Etymology: chef + ista
(as in fashionista)
1. a person who creates or promotes
and indulges in the high art form of cooking,
i.e. a sous-chef or foodie.
2. a person who cooks according
to the current cooking trends,
or one who follows those trends
and cooking styles closely.
Nikole Boyda McGuinness is the Simple Chefista, or should we say The Simple Chefista is Nikole Boyda McGuinness? Nikole was raised by her father, who didn’t have much of a flair for cooking, but could cook a mean scrambled egg sandwich with fresh grown tomatoes and enjoyed mastering an American favorite, the respectable grilled summer hot dog. But mostly, skinny girl (as she was known), lived on processed foods like Dinty Moore Beef Stew and Campbell’s Pork n’ Beans, always hiding the bites from her plate, with no knowledge that there were foods beyond the cans and boxes that she saw in her local grocery store. She discovered that there might be more out there after visiting her Auntie’s in the BIG city, where the family took her out to fine restaurants and on other such culinary adventures. At a young age of five, Nikole promptly returned home, full of confidence from her first encounter, and to her Pop’s and the waitresses surprise, she asked for lobster when the waitress asked for her order at their usual local restaurant where they were “regulars.” This was only the beginning of Nikole’s journey into Gastronomica. After trading in her Converse for a pair of sturdy heels and a plane ticket west, Nikole moved to Portland, Oregon where she became exposed to foods she’d never dreamed of. She ate her first bagel piled high with pesto and delighted at the idea of the minty sensation that had awoken her taste buds, talking about it to no end for days, and also experienced a fantastically tasty oatmeal breakfast that came with a side of chopped hazelnuts and black currents, “Hazelnuts (?) on oatmeal (?)” Oh my goodness… the wonderful details! (a truly defining moment).
Nikole later found the love her life, a tall handsome man named John, who would eventually become her spouse. After the first few dates, she felt that it was probably time to give up cereal for dinner, and that she should really start to learn how to cook, believing the adage that the way to a man’s heart was through his stomach, but it turned out the guy already had a few culinary tricks of his own. Good thing, too, because skinny girl needed to survive, and this was what ended up sealing the deal for her, as she handed over the key that led to her heart. Still determined to learn on her own, Nikole set up shop in their kitchen and began to experiment with various ingredients, fresh produce, herbs and seasonings. Time passed while cooking, exploring and falling deeply in love, and skinny found that she had even gained a few happy, healthy pounds! Life was good with experiencing truly yummy food, good coffee and drinks and eating out at all the hip new restaurants across town, and she found that she could, in fact, cook “beyond the can,” which made her quite happy. John had no complaints and enjoyed their time together and their simmering culinary romance in the kitchen and beyond. Now, several years later, they’ve moved to Nikole’s hometown of Pittsburgh, PA, are still madly in love, and are both still expanding and experimenting, rarely making the same meal twice. Unbelievable, but true… They’ve even started to cook and explore foods across the globe, visiting different countries, while seeking out even more culinary knowledge!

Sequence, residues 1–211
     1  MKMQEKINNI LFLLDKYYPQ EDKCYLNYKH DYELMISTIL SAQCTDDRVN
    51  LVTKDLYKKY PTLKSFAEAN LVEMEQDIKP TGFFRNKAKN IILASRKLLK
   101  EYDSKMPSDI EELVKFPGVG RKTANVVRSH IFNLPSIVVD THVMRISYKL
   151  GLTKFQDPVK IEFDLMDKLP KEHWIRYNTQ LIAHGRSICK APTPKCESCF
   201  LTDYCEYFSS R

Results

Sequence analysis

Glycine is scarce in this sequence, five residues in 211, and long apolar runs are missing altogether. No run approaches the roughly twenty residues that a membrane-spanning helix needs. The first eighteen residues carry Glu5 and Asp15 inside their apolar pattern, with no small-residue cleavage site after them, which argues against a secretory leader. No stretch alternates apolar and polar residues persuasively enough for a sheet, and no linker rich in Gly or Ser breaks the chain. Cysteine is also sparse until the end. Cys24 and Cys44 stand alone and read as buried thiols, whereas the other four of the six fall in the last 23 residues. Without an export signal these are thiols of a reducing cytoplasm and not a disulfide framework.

Her newest creation is The Simple Chefista, where she shares her culinary adventures, whether in her own kitchen or abroad, in class or out in the field. She loves to review the many cookbooks she delves into, and recipes she tries, what she does and doesn’t like about them and how she improved upon them, and she encourages the celebration of and discourse in food, in all that it encompasses. She truly believes that food is something to be shared in it’s full capacity, in person, or over the web. Food can be explored in many facets, through all of the senses. Above all, she believes in demystifying the abracadabra that she once believed encapsulates what gourmet is and revealing it’s simplicity. Creating good food should be and is attainable to everyone. She welcomes your comments and suggestions, will be happy to answer questions, and would love to share in your own experiences and reactions in such culinary discoveries. And like every good chefista, she wants you to love food as much as she does.
“We all need food to survive, but we should all, at some point in our lives, have the opportunity to experience truly gorgeous food that not only nourishes us physically, but also inspires us visually, emotionally, and creatively.”
~From the Introduction to Food & Art Styling Ideas written by Ari Bendersky